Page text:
Make no mistake, 1970 Hemi ‘Cudas are rare. Plymouth made just 652 Hardtops total to be exact, and the best one, in the best spec and the best color would be worth just south of $300,000 according to current Hagerty Valuation Tool figures. When new most were ordered with one thing in mind: Going really, really fast in a straight line, either from one stoplight to the next or perhaps 1320 feet at a time. Not many Hemi ‘Cudas were loaded up with heavy or power-robbing options but were rather ordered as lean and mean as possible.
There were just 18 people in 1970 who wanted their Hemi ‘Cuda to put a little more wind in their hair. That’s how many people ordered one as a convertible, conventional go-fast wisdom be damned. As a result those 18 folks got not only a more expensive, heavier and slower ‘Cuda out of the deal but also a far more flexible one as well. You see, as a car from basically the dark ages of unibody design (not to mention one rushed into production) chopping the roof off removed a great deal of structural stiffness and introduced plenty of cowl shake for these Elephant-powered tanning beds.
I’ve never driven one in anger but I did own a 1970 440 Six Pack ‘Cuda Convertible years ago, and you could pinch your fingers in the flexing door gaps just driving down the road. But worse than that, given a hard launch or a power shift (in my defense, they were worth a lot less then and we treated them as muscle cars and not collectibles!) the passenger’s door would be hard to open and even harder to close for a while, a result of the body twisting like a wooden toboggan.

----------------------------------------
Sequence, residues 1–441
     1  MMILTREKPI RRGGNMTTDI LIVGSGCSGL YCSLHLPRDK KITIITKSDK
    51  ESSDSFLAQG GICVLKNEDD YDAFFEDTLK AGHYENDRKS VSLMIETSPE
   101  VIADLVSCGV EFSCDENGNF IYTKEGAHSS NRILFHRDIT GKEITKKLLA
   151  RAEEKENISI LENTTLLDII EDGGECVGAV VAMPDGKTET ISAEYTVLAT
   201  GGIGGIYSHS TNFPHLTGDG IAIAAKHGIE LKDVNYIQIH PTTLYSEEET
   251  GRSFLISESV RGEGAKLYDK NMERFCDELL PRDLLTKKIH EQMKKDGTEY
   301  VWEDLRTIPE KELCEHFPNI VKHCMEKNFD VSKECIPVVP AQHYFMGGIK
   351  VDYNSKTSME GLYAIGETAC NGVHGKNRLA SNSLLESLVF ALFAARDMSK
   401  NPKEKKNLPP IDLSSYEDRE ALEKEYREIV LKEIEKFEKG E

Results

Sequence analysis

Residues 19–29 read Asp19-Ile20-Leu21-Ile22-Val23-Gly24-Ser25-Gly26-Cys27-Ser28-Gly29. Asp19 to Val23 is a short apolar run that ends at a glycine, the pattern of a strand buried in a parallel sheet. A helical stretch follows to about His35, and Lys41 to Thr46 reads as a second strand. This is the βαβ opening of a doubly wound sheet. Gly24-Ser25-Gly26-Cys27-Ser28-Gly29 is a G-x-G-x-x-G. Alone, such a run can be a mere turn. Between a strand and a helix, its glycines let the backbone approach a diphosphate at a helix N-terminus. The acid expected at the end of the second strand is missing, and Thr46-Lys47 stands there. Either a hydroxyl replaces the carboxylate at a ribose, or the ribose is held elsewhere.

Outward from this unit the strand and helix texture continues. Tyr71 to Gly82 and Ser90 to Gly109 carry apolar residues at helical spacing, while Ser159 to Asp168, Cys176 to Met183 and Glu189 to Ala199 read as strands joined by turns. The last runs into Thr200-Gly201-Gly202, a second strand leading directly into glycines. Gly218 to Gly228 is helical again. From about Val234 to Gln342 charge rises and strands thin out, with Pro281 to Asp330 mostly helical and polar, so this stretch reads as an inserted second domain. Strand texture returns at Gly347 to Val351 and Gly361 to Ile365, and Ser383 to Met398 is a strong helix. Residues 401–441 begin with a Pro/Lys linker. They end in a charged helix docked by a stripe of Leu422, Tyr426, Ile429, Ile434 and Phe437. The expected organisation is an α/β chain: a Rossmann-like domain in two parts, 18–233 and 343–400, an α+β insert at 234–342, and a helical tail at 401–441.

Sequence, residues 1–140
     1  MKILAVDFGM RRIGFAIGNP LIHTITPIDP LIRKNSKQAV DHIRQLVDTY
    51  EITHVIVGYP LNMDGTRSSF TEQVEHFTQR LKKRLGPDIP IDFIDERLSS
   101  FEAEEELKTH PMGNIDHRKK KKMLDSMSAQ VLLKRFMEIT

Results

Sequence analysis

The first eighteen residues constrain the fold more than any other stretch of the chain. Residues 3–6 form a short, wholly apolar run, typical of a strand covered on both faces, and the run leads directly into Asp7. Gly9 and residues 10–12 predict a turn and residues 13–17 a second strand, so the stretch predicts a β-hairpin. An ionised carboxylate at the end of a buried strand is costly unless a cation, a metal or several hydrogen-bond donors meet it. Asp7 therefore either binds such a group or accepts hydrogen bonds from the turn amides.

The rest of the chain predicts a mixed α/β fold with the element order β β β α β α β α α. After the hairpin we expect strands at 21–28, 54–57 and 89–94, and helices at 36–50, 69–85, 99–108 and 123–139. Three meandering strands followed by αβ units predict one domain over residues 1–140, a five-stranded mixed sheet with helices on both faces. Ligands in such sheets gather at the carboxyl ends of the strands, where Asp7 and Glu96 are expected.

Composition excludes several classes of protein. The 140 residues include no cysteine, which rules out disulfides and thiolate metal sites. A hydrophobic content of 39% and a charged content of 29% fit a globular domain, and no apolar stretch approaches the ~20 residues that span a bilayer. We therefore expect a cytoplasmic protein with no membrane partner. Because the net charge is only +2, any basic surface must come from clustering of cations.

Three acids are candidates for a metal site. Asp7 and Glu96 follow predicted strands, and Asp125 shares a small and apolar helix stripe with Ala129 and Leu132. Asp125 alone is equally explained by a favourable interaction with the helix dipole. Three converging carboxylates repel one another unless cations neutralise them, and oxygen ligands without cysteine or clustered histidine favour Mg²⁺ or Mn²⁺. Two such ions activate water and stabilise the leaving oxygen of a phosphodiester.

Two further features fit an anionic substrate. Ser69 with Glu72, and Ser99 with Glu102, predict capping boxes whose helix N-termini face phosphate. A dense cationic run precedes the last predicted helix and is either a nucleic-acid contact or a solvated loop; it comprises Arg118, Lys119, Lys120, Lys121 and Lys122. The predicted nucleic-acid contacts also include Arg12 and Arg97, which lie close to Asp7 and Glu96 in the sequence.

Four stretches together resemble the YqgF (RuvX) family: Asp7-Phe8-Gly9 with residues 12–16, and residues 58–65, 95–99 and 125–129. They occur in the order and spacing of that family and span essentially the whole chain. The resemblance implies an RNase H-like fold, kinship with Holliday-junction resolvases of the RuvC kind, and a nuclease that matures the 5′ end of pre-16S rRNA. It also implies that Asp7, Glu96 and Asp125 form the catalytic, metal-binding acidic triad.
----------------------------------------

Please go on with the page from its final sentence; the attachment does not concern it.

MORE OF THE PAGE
But I digress.
In the end there were valid reasons why not too many people ordered a drop-top Hemi ‘Cuda. And for years they remained an obscure part of the Hemi E-Body legend. Which you’d expect considering just 42 Hemi E-Body Convertibles in total, ‘Cudas and Challengers, were built in 1970 and 1971.
That isn’t to say these cars weren’t valued by collectors and among the most valuable muscle cars around. By the late 1970s Hemi convertibles were roughly $10,000 cars. In the mid-1980s a few sold in the $25,000 range. By 1990 they had just tipped into six-figure territory. And at the beginning of the aughts a few traded in the half million dollar range. Serious money to be sure.
Then prices went crazy. In late 2002 collector Milt Robson had the stones to advertise his one-of-two 1971 Hemi ‘Cuda Convertible for $1,000,000 in Hemmings Motor News. And it sold. Suddenly 1970-1971 Hemi ‘Cuda and Challenger-powered convertibles were million-dollar cars. And then multi-million dollar cars. They were, for all intents and purposes, the poster children for the explosion of muscle car values. And yes, like all other muscle cars, that wave did crash from roughly 2008-2013 but has demonstrated a remarkable recovery in the last five years.
Which brings us to our subject car, the Lemon Twist 1970 Hemi ‘Cuda convertible selling at Mecum Auction’s Indy “Spring Classic” sale as lot F120 on Friday May 17.
It is a well-known car, expertly restored years ago by Legendary Motorcar of Canada, and featured on their television show during the process (Chi-town Cuda, season 3. episode 12). It is also reported to have solid factory documentation and owner history, which is obviously quite important to have when buying any muscle car let alone one deep into seven figures. This car’s “High Impact” Lemon Twist paint color and saddle interior are also attractive, and it is the only one built in this combination as you’d expect with such a miniscule run of cars. So this particular car’s bonafides are solid.